Disempowering Herod

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Herod is not a good example of how to live as a faithful person. He made some spectacularly bad choices. Among other things, he had a palace built on top of a mountain in the desert, a place that included a swimming pool and a bathtub (think hot tub built for a small crowd). What kind of a person would insist on a swimming pool and a giant bathtub on a mountain in the desert, miles from a water source? The same kind of person who was afraid that an infant would claim his thrown. The same kind of person who ordered a beheading just to safe face. This is the kind of person who thought about himself first and, likely, didn’t think about anyone else after that. Herod was the kind of selfish person we are all in danger of becoming.

No, I don’t think there is going to be a rash of beheadings, but the violence and hatred all around us isn’t too far from it. You know, the kind of fear that causes privileged white folks to call the police on People of Color doing regular things in regular places… The kind of fear that justifies separating children from their parents at the border just to deter others from trying to enter the country illegally… The kind of fear that leads police officers to shoot unarmed People of Color… The kind of greed that privileges corporate profits over human needs (think baby formula vs breastfeeding)… The kind of greed that limits access to healthcare, employment, education, housing, mental healthcare, and more… The kind of fear and greed that seeks control over those perceived to be different, unworthy, undeserving, or somehow less human. These fears, this greed, lurk in every human heart waiting for those moments of apathy or ambivalence. Left to our own devices we can all make Herod’s kind of spectacularly bad choices.

Amos would tell us to look for the plumb line. By what standard shall we measure ourselves? But what standard shall we decide how we are to live in this world? Jesus, like the prophets before him, was pretty clear in naming Love as the standard – love of God, neighbor, self, and creation. If we our actions do not embody Love, then we ought not to engage in them. It sounds clear enough. Then why are behaviors like Herod’s so common?

Well, there is something in us that is not a fan of holy ways. We have a tendency toward self-preservation and a desire to achieve success and be powerful. It’s not pretty, but it is true. This is why religion is important even in these days of skepticism and doubt. We don’t need all the ceremony and piety of days gone by, but we are in desperate need of a God who calls us beyond our own desires into a community seeking to serve the most vulnerable among us. Imagine how differently the story might have gone if Herod, though frustrated by John the Baptist telling him he shouldn’t have married his brother’s wife, had denied his daughter’s request. Who know what influence John might have had on the forming of the early church…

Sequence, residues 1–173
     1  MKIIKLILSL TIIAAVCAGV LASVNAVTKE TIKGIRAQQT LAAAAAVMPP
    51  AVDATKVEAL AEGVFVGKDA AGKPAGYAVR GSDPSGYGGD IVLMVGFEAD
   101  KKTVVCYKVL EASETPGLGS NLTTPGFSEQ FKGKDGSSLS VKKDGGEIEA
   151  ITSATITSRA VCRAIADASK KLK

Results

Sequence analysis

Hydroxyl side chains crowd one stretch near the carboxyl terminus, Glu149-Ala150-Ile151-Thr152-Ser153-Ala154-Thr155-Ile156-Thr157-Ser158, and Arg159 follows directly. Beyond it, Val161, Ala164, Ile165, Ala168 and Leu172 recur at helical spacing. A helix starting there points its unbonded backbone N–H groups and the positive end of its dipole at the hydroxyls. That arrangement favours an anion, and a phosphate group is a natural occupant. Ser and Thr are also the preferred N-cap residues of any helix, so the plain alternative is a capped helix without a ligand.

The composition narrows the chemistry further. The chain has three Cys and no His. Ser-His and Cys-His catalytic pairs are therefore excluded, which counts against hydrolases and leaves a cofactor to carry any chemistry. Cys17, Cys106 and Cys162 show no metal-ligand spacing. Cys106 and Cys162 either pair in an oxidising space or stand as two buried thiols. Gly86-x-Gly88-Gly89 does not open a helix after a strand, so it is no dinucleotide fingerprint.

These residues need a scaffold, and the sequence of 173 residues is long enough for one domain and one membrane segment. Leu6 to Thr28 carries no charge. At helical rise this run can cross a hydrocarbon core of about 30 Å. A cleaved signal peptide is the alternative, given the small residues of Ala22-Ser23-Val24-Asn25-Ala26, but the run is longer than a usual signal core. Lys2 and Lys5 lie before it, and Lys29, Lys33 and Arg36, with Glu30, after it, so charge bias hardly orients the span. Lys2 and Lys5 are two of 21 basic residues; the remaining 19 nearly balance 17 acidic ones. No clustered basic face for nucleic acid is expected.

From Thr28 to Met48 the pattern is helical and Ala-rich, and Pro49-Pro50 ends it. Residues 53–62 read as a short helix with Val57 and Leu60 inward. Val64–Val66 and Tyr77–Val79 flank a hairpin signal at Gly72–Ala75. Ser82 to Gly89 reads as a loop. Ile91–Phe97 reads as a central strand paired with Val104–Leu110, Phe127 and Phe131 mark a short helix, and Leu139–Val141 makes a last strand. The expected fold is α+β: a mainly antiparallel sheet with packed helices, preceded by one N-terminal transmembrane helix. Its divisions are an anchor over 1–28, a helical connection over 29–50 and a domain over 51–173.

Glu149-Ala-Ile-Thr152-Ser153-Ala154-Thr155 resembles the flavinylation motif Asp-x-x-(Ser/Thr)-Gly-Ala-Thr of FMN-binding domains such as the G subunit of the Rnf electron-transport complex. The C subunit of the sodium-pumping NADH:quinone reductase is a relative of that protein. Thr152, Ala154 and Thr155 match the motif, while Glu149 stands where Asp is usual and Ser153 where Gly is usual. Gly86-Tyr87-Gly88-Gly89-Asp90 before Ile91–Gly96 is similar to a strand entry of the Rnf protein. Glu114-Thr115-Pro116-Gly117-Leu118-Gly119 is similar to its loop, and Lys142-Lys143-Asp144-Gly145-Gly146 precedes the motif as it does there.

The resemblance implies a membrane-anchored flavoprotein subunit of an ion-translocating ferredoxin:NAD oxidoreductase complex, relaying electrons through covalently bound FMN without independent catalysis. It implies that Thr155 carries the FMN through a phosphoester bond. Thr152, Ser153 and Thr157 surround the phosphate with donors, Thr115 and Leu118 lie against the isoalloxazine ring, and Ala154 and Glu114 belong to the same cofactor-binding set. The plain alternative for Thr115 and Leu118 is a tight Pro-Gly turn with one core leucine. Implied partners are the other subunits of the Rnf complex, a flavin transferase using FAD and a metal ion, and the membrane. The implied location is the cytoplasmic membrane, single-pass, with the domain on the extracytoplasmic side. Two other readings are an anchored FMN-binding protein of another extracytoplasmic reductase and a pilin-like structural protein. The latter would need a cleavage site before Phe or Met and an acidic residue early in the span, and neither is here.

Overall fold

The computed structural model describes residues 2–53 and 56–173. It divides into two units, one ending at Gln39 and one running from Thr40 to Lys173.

Now imagine how life could be different for us if we thought first about God’s desires and our neighbors’ needs when we determine how to use our own resources. We all might be less tempted by the fears and greed that plagued Herod and sneak up on us when we aren’t paying attention. Success by the world’s measure is not the same as being righteous in God’s eyes. The kind of power that the world seems to value (or is it fear?) is not the same as strength that comes from sharing the burdens of our neighbors.

While the behavior of the Herods of the world can easily be seen and condemned, we must be careful since Herod lurks in all of us. Instead of pointing out selfishness, fear-mongering, and greed in others, we would do better to demonstrate the radical Love Jesus taught. Living our faith out for all to see is a much more powerful statement than pointing fingers and posting condemning remarks on social media. Herod can’t hide in a crowd, but he can hide in us. Let’s do everything we can to live by God’s standards and not be consumed by our human ways.

RCL – Year B – Eighth Sunday after Pentecost – July 15, 2018
2 Samuel 6:1-5, 12b-19 with Psalm 24 or
Amos 7:7-15 with Psalm 85:8-13
Ephesians 1:3-14
Mark 6:14-29

Photo: CC0 image by Nattanan Kanchanaprat

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About rachaelkeefe

Hi. I am a pastor, an author, a painter, and a poet. My latest book is available now to order from Chalice Press, The Lifesaving Church: Faith Communities and Suicide Prevention (http://amzn.to/2DZ55EU).
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2 Responses to Disempowering Herod

  1. Kathleen N Crighton says:

    The Herod in the Mark text is the son of the Herod who ordered all the babies killed. That Herod died when Jesus was a child — so the family could return from Egypt and settle in Nazareth. My source is the HarperCollins Bible Dictionary, 1996 edition. (There is probably a more recent edition.) It has a family tree of the Herods. Just about all of them have the name Herod! So confusing!

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